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Meaningful Health Care Informatics Blog

Sep 26 2010   8:56PM GMT

The development of Evidence Based Order Sets

Posted by: RedaChouffani
CPOE, Order sets

For many of us technologists, we recognize that as technology becomes more integrated into the healthcare, clinical informatics becomes crucial to improve patient care. One area that will be deeply impacted with technology based solutions is the Computerized Physician Order Entry (COPE). While this is a commonly used Acronym, it would be beneficial to visit it again in greater detail.


Let’s first define what CPOE and its components are. We will first need to discuss the Evidence Based Order Sets with are the bases of CPOE. Oder sets would be the collection of orders for a select group of patients throughout the different disciplines and it is usually derived based on best practice guidelines. As for Evidence-Based Medicine, we can simply identify that as the use of best current evidence available to justify the decisions for the care of a patient with certain conditions.


Clearly using an Electronic Health Record will allow an organization to drastically reduce its paper foot print, automate processes, but most importantly, enable the use of CPOE. For large organizations, this can simply translate into reduction of costs from repeat test orders, having guided orders, and also lower the adverse effects that are associated with medication orders. But one simple factor that affects the adoption rate of the CPOE despite the push from MU during Stage 1, is clearly the complexity of implementation, and fear of change. With the combination of additional time needed from clinicians, not user friendly systems, and hight capital investment requirements many organizations are embracing for a long and difficult project implementation.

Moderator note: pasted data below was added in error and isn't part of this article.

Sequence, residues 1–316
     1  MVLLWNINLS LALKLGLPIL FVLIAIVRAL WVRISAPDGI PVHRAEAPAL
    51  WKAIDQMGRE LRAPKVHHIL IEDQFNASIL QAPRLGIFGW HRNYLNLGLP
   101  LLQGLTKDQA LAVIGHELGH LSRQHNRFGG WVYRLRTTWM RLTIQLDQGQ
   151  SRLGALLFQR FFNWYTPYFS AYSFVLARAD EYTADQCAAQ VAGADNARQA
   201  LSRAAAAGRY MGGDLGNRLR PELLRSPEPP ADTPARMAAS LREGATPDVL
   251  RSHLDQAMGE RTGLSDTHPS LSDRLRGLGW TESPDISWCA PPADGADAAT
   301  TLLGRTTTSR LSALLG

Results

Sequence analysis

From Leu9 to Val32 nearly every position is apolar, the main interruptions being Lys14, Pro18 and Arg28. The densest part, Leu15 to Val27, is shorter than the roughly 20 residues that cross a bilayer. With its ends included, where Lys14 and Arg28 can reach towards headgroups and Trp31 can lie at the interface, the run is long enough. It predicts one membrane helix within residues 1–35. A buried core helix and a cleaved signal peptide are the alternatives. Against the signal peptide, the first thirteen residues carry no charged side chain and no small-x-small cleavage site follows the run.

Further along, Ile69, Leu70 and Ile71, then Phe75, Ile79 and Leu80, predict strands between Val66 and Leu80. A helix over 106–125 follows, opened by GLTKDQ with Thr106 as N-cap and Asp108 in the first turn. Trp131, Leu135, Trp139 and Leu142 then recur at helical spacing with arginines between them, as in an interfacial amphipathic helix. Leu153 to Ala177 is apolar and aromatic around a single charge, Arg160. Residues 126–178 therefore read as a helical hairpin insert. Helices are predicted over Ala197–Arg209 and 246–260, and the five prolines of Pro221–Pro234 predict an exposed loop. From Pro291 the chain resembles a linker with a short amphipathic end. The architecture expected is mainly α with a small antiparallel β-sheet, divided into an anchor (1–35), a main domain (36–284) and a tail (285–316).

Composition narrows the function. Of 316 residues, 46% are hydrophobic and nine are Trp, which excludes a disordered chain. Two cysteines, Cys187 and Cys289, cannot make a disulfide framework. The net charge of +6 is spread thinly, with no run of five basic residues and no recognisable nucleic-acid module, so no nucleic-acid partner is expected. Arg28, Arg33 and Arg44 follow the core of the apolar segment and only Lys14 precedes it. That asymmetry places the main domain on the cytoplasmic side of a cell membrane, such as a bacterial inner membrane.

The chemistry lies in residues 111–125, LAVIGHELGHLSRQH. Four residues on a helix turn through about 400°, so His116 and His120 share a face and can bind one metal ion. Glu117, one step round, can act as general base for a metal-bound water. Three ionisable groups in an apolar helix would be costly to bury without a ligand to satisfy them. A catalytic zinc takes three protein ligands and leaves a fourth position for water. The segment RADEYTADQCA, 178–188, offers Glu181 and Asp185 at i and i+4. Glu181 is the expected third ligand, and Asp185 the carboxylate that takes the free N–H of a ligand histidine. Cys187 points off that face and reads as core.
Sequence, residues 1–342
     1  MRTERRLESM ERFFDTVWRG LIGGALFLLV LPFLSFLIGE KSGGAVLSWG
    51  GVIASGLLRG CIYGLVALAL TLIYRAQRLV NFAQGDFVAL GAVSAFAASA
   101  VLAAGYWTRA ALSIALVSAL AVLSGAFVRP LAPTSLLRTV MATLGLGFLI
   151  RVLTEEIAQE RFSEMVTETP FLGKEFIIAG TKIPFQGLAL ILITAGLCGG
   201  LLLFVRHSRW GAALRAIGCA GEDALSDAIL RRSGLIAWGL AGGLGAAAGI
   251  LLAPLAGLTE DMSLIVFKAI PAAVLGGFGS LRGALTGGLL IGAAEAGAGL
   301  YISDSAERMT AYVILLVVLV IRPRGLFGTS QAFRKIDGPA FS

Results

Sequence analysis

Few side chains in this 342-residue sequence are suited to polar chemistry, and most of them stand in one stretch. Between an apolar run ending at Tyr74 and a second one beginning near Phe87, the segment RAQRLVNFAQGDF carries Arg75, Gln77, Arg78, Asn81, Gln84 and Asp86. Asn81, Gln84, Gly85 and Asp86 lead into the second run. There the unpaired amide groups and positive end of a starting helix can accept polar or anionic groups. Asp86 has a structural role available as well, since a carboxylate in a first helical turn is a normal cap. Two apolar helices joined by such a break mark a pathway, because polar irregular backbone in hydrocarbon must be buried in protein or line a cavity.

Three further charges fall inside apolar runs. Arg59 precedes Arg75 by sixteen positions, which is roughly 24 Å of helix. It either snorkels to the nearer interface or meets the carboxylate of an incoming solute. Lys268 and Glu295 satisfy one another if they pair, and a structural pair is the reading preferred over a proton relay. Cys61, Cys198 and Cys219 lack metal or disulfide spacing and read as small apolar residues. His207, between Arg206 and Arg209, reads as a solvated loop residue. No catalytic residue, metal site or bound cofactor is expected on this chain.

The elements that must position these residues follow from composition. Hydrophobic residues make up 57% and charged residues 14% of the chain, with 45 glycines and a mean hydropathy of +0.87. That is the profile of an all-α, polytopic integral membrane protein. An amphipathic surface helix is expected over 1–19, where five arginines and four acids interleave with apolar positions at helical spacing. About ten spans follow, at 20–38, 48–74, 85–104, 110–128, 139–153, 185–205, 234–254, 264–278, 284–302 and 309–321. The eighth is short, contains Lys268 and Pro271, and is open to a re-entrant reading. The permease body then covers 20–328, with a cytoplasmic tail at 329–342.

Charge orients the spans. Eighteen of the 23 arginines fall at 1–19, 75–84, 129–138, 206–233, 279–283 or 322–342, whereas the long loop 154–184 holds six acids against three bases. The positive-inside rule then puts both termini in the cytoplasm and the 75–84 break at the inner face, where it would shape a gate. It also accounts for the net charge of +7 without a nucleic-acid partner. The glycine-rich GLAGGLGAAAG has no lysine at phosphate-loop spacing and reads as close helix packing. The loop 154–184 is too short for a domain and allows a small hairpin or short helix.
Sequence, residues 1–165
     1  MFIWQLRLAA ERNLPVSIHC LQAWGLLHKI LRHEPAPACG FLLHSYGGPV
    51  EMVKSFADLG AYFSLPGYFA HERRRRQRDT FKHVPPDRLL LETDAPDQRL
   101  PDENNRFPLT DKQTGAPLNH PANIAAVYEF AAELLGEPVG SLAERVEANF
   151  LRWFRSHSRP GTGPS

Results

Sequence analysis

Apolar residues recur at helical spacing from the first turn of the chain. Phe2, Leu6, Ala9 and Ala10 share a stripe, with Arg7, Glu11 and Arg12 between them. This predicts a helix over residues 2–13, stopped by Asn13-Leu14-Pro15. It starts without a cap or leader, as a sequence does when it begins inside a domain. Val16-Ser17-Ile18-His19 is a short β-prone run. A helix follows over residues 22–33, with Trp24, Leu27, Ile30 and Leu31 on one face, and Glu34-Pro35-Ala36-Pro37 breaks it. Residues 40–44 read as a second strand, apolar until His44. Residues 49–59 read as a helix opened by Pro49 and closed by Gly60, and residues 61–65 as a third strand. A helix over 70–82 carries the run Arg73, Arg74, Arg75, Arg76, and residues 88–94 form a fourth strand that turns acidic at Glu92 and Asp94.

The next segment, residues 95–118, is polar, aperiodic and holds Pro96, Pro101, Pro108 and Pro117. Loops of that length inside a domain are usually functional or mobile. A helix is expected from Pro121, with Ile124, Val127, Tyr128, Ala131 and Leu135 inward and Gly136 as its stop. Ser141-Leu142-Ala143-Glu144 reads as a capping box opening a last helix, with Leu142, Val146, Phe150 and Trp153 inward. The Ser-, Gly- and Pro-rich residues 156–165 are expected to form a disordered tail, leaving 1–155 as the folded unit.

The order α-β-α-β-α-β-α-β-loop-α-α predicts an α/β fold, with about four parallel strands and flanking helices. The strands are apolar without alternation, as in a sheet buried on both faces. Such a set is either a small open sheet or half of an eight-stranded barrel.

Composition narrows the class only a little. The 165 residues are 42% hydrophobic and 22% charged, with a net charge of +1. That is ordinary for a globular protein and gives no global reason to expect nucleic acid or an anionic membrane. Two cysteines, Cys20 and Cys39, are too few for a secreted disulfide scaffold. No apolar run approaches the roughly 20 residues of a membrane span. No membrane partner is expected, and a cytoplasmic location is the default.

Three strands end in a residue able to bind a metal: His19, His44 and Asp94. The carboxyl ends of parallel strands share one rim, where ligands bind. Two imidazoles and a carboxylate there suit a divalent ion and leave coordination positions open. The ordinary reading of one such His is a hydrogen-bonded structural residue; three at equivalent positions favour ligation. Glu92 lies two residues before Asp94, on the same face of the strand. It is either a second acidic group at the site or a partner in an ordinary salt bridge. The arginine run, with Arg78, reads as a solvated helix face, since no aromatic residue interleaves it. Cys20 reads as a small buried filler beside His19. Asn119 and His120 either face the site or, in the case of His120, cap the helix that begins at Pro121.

During the planning states of COPE implementation, the organization will have the ability to use internal or external order sets. The internally generated ones will be the result of the collaboration of several clinical departments and would require careful review and clinical expertise, as for the externally purchased sets, they can be acquired directly from the EHR vendor. With all the available third party healthcare solution providers, order sets can vary from vendor to vendor. But in recent years several projects have been initiated to attempt to standardize the content of the clinical practice guidelines that the order sets use. From HL7 to SAGE project, the goal is to deliver an interoperability guideline model and a common layer of information models and terminologies to mediate guideline content.

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Dirkstanley  |   Sep 28, 2010  10:25 AM (GMT)

One major problem with standardizing order sets is that we don’t have industry-standard policy definitions of our common clinical tools : What is a protocol? What is an order set? What is documentation? What is a procedure? As a result, different hospitals have different ways of building documents that support the same workflows. I’ve blogged about this at (See the “CMIO’s Checklist”), if you’re interested in my ideas for these definitions.


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